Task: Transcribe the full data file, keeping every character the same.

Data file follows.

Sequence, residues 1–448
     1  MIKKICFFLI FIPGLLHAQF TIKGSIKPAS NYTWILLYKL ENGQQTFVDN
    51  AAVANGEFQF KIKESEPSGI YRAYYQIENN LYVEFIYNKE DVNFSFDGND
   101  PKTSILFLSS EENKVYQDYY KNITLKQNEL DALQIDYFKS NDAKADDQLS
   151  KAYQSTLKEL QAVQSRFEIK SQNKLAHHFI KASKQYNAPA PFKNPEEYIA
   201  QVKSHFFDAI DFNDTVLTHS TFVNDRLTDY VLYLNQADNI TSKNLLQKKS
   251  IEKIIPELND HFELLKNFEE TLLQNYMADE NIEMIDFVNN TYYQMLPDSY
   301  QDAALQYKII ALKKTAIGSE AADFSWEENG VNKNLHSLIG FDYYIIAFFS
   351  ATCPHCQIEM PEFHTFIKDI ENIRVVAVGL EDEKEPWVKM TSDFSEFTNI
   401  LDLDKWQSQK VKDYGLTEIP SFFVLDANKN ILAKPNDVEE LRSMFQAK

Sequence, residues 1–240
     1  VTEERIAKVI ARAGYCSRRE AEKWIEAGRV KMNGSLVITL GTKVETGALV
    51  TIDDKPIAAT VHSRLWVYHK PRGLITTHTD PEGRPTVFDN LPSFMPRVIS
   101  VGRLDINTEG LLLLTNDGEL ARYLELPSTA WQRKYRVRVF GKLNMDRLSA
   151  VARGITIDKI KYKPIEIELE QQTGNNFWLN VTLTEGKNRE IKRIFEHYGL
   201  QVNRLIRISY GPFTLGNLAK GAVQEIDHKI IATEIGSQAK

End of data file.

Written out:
Sequence, residues 1–448
     1  MIKKICFFLI FIPGLLHAQF TIKGSIKPAS NYTWILLYKL ENGQQTFVDN
    51  AAVANGEFQF KIKESEPSGI YRAYYQIENN LYVEFIYNKE DVNFSFDGND
   101  PKTSILFLSS EENKVYQDYY KNITLKQNEL DALQIDYFKS NDAKADDQLS
   151  KAYQSTLKEL QAVQSRFEIK SQNKLAHHFI KASKQYNAPA PFKNPEEYIA
   201  QVKSHFFDAI DFNDTVLTHS TFVNDRLTDY VLYLNQADNI TSKNLLQKKS
   251  IEKIIPELND HFELLKNFEE TLLQNYMADE NIEMIDFVNN TYYQMLPDSY
   301  QDAALQYKII ALKKTAIGSE AADFSWEENG VNKNLHSLIG FDYYIIAFFS
   351  ATCPHCQIEM PEFHTFIKDI ENIRVVAVGL EDEKEPWVKM TSDFSEFTNI
   401  LDLDKWQSQK VKDYGLTEIP SFFVLDANKN ILAKPNDVEE LRSMFQAK

Sequence, residues 1–240
     1  VTEERIAKVI ARAGYCSRRE AEKWIEAGRV KMNGSLVITL GTKVETGALV
    51  TIDDKPIAAT VHSRLWVYHK PRGLITTHTD PEGRPTVFDN LPSFMPRVIS
   101  VGRLDINTEG LLLLTNDGEL ARYLELPSTA WQRKYRVRVF GKLNMDRLSA
   151  VARGITIDKI KYKPIEIELE QQTGNNFWLN VTLTEGKNRE IKRIFEHYGL
   201  QVNRLIRISY GPFTLGNLAK GAVQEIDHKI IATEIGSQAK